By: Agatha Christie
Publisher: St. Martin's Minotaur
About the book:
It was just Luke Fitzwilliam's luck to be stuck next to a dotty old woman like Miss Fullerton on the London-bound train - although he found himself quite entertained with her tall tales about a series of perfect murders in the quaint village of Wychwood. But when he reads the next day of the freak accident that killed her, too, Fitzwilliam's amusement turns to grave concern. A visit to the isolated village confirms his worst fears. For Wychwood seems to be divided by an eccentric lot of locals: those who are in on a dark and dangerous secret - and those who don't live long enough to share it.
In many ways Murder Is Easy reminded me of one of my favorite Christie novels, the Miss Marple outing The Moving Finger. Both books draw back the curtain on seemingly tranquil, "ideal," English village life where everyone has secrets and no one is as they seem. Luke Fitzwilliam, newly retired from overseas police work, has a chance encounter with the eccentric Miss Fullerton on the London train. She tells him a fantastic tale of a murderer running loose in her village, knocking off people left and right - really too incredible to be believed. Or so Luke thinks, until he gets the news that his elderly informant was killed in a freak accident on the way to report her findings to Scotland Yard. He hatches a plan to pose as a friend's cousin writing a book on local customs, and goes to stay with his cousin Bridget, who turns out to be a stunning beauty engaged to the local bigwhig, Lord Easterfield. Not knowing who to trust, Luke joins forces with Bridget - but the murderer could be craftier than they think...
Most of my Agatha Christie reading has been confined to the Poirot or Marple novels, so it's always a treat to discover one of her standalones that delivers a good corker of a mystery. The pacing is excellent, and the way Christie introduces the cast of suspects, only to dismiss each in turn, is supberbly handled. Being something of a hopeless romantic (LOL), I loved the romantic, but atypical subplot between Bridget and Luke. They sparred and fought like crazy, but couldn't help falling for each other. :) And the last few chapters, where the murderer is revealed, are absolutely un-put-downable. With this book Christie created one of her creepiest, most disturbing villains, proving the revenge is a frightening dish best served cold. For all the pros, I did think the dialogue is a bit "clunky" and just does flow as well as some other Christie efforts I've read. But that's a small quibble, and certainly shouldn't detract one from reading what is a thoroughly enjoyable puzzler from Dame Agatha Christie.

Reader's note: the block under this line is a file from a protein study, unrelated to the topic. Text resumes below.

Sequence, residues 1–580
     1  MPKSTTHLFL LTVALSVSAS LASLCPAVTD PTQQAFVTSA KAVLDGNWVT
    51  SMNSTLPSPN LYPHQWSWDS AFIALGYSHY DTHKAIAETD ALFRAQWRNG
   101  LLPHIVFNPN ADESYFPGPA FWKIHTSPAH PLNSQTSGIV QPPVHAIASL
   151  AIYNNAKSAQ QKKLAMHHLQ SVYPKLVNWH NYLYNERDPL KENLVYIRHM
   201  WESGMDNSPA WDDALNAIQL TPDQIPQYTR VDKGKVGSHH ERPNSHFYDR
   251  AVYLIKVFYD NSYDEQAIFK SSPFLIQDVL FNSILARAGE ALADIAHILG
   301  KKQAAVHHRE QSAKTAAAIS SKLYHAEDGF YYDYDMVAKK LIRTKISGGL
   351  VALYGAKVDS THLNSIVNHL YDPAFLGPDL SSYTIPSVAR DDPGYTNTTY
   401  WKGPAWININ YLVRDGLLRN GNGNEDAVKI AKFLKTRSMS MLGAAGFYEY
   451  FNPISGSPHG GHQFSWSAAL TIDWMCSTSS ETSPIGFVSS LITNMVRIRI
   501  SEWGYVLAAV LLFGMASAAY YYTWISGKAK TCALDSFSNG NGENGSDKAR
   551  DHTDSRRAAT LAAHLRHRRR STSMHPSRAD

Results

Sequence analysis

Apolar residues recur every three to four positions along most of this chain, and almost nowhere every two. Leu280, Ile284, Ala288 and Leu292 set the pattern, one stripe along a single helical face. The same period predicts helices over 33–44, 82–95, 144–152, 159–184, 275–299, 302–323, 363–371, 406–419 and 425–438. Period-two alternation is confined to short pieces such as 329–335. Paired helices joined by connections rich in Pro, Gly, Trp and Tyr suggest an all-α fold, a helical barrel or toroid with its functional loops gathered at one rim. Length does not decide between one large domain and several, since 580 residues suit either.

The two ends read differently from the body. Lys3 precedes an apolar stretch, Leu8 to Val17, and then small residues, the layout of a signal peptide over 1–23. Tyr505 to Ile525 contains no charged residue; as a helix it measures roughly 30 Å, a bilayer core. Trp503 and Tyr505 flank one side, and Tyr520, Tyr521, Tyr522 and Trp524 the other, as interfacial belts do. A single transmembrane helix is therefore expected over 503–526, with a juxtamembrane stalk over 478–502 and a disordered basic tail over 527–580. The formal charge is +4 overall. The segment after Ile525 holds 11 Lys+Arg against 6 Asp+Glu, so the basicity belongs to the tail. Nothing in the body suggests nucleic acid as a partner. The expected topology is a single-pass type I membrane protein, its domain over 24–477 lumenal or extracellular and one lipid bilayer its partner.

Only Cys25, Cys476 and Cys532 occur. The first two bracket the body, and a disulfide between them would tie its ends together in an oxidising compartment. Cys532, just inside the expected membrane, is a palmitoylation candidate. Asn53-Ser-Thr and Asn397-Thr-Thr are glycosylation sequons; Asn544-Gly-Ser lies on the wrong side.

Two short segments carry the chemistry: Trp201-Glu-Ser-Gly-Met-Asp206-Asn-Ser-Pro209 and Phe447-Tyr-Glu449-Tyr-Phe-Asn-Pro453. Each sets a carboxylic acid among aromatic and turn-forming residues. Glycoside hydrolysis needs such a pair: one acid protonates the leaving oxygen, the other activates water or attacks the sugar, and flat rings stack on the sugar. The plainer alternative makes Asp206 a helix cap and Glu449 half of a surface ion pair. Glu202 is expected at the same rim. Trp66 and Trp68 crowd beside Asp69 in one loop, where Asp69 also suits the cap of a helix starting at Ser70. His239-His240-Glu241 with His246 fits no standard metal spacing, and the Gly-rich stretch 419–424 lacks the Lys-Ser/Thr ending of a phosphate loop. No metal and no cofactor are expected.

Book vs. Film:
The differences between the book and the recent film version of Murder Is Easy absolutely boggle my mind. I don't think I could even keep all of the changes straight to the point where I could list them and have them make even some sort of sense. The first change is, of course, the insertion of Miss Marple - what's shocking is that it's far from the most glaring change to the plot. Most of the townspeople are present, but their history and motivations are completely mixed up or changed wholesale. I think it's a real shame that the culprit's history and motives were completely rewritten for the screen. In the book, the murderer's motives are so creepy and disturbing as is, Christie didn't need to fabricate an incest/rape plot. The bottom line is, changes to Christie's novels typically don't bother me - when they make sense. But this film pretty much completely rewrote the novel from the ground up, and the filmmakers went for an ick factor rather than the psychologically disturbed, way more creepy, villain Christie created. I will give the filmmakers credit for building up the character of Constable Reed (Russell Tovey). The constable is only mentioned in the novel, never really introduced, and Tovey made the character a lot of fun to watch (not that I'm biased or anything, HA!). And while the filmmakers completely rewrote Bridget's character, the romantic tension between Bridget and Luke (Benedict Cumberbatch) is pretty true to the way the two characters are written in the novel. The bottom line, though, is that this film pales in comparison to the book.